The 2015 Duke University CMO Survey reports that companies spend roughly 10% of their marketing budgets on social media outlets. Although that amount is expected to more than double by 2020, most marketing professionals surveyed were unable to quantify the return on their social media spending.
Social Media Examiner, a global magazine dedicated to social media issues, published another study called “2015 Social Media Marketing Industry Report: How Marketers Are Using Social Media to Grow Their Businesses.” This study surveyed more than 3,700 marketing professionals across the globe and various industry segments, attempting to answer such questions as:
Know Your Customers
A company’s preferred social media platform depends largely on whether it sells to businesses or consumers. When asked to select the single most important social media platform, business-to-business (B2B) companies tended to choose:
- LinkedIn (41%),
- Facebook (30%), and
- Twitter (19%).
But the results differed significantly for business-to-consumer (B2C) companies:
- Facebook (65%),
- Twitter (10%), and
- LinkedIn (9%).
Most companies have a Facebook account. So that’s a good place to get your feet wet if you’re just starting to dabble in social media. The next logical step is LinkedIn if you sell to businesses. And, because the platforms are similar, many of your B2B Facebook posts can be simply copied over to LinkedIn.
The next step is trickier for B2C companies, however. The appropriate platform depends on the social media habits of the demographic(s) you target. For example, consider Pinterest if you’re targeting housewives in arts, crafts and home decor. Consider Snapchat or Instagram if you’re targeting teen shoppers. Social media review sites, such as Yelp or TripAdvisor, are also attracting attention from B2C companies, because customers increasingly seek peer reviews before making purchases or booking reservations.
How Do Businesses Currently Use Social Media?
Social Media Examiner reports that 96% of companies have already incorporated social media into their marketing strategies — and 56% have been doing so for at least two years.
Overall, the top seven social media platforms that companies currently belong to are:
1. Facebook (93%),
2. Twitter (79%),
3. LinkedIn (71%),
4. Google+ (56%),
5. YouTube (55%),
6. Pinterest (45%), and
7. Instagram (36%).
Compared to Social Media Examiner’s 2014 study, Facebook and Twitter both lost ground to newer social media platforms. By comparison, Google+ participation increased by 2% and Instagram participation increased by 8% over the past year. YouTube is most often used by larger businesses with at least 100 employees.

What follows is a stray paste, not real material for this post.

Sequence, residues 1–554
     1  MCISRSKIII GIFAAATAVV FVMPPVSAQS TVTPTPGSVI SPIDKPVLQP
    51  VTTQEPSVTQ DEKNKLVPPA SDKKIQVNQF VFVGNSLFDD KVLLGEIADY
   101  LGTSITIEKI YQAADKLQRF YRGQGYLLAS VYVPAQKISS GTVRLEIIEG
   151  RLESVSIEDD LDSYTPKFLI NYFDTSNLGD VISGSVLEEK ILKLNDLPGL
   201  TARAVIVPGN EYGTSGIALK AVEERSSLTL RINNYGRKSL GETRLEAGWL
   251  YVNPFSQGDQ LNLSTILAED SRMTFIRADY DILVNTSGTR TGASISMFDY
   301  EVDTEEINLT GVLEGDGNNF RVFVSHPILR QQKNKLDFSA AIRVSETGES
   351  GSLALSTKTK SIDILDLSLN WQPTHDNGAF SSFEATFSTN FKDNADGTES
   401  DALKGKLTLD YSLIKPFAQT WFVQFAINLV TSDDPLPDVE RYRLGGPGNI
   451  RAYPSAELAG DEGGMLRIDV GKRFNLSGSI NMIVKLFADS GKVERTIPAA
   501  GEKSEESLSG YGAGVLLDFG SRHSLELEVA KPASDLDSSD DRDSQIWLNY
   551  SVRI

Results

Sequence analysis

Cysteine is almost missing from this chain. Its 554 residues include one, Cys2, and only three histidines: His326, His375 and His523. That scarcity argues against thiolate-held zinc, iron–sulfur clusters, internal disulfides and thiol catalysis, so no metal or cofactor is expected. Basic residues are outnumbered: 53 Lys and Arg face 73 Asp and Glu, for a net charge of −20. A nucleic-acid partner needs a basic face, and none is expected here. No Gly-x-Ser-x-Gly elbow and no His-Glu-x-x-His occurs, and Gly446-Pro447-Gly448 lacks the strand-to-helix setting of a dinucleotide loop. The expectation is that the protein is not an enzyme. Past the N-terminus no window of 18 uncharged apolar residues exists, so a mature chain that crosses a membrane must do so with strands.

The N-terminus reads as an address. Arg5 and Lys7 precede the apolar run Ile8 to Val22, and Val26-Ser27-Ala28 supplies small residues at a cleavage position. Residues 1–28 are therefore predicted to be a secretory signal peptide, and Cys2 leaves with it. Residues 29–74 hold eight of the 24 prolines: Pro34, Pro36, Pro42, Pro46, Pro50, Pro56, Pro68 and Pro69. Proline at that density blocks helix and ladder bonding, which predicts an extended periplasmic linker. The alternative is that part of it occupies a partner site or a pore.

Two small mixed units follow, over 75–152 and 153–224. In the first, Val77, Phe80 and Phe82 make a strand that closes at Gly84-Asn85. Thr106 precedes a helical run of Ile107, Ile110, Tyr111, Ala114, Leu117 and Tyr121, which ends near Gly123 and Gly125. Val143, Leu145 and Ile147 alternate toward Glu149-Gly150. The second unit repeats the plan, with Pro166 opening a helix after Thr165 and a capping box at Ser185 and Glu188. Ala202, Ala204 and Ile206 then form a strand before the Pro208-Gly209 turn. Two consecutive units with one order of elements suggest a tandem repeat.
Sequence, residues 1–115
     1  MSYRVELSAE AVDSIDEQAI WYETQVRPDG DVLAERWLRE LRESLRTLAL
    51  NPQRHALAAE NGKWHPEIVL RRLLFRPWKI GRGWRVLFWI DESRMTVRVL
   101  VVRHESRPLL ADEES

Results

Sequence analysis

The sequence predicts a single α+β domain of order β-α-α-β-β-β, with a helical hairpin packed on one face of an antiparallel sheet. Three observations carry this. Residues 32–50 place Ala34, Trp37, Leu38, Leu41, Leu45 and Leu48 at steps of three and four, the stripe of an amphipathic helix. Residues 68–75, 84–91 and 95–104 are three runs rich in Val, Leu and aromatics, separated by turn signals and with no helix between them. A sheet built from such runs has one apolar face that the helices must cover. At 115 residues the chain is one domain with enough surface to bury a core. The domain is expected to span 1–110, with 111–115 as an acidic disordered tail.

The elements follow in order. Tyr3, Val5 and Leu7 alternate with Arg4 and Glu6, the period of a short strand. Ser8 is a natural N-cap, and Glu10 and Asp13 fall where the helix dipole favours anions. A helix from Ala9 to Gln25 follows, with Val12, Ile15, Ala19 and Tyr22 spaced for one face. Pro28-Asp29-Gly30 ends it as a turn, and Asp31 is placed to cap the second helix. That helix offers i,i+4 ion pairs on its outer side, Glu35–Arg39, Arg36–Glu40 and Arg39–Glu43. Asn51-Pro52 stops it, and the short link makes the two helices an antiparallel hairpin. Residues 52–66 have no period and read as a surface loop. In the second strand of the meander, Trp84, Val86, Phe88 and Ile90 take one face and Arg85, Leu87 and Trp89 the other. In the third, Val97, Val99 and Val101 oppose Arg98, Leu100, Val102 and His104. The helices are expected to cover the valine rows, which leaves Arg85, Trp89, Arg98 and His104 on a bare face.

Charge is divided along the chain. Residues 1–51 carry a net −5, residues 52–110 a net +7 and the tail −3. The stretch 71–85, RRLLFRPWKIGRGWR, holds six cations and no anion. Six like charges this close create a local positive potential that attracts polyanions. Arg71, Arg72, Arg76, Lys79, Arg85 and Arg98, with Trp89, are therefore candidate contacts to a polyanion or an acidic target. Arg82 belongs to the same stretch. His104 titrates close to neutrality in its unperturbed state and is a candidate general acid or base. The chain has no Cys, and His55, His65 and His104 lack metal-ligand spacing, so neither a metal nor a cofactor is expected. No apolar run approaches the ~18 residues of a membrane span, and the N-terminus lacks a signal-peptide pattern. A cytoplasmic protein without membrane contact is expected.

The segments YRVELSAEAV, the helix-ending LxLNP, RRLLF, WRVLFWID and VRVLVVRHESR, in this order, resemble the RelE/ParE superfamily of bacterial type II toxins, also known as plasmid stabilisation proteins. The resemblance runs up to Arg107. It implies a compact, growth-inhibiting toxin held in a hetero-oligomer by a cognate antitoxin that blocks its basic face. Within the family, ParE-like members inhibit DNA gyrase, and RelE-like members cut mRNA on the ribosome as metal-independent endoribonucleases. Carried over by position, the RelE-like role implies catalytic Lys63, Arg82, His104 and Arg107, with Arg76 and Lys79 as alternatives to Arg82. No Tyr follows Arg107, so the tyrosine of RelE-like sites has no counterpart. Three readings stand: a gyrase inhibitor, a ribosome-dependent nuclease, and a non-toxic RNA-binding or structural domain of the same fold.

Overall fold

Social media marketing also requires a significant time commitment from marketers. About one in five marketers said they spent more than 20 hours each week on social media content. Roughly two-thirds said they spent at least six hours weekly.
What Are the Benefits of Social Media Marketing?
Consistent with the 2014 study, the top reasons marketers gave for using social media as a marketing tool were:
- To generate more exposure for their brands and offerings,
- To increase traffic to their websites and brick-and-mortar stores,
- To develop customer loyalty, and
- To gain marketplace intelligence by monitoring users’ search patterns and buying habits.
In addition, social media can help professional services firms generate leads and position themselves as thought leaders by posting timely, relevant blogs and tweets. Using social media also can reduce a company’s overall marketing costs because it’s generally cheaper than many other forms of marketing (such as direct mail or television ads). And it can leverage other marketing programs. For example, by posting an existing TV ad on YouTube, marketers provide an inexpensive way for more customers to view the ad after its original air-date.
What Are the Latest Trends in Social Media Marketing?
As companies increase their investments in social media marketing, they’re seeking ways to make it simpler and more effective at reaching customers. Here are some tips to take advantage of the latest social media trends to get the biggest bang for your social media spending: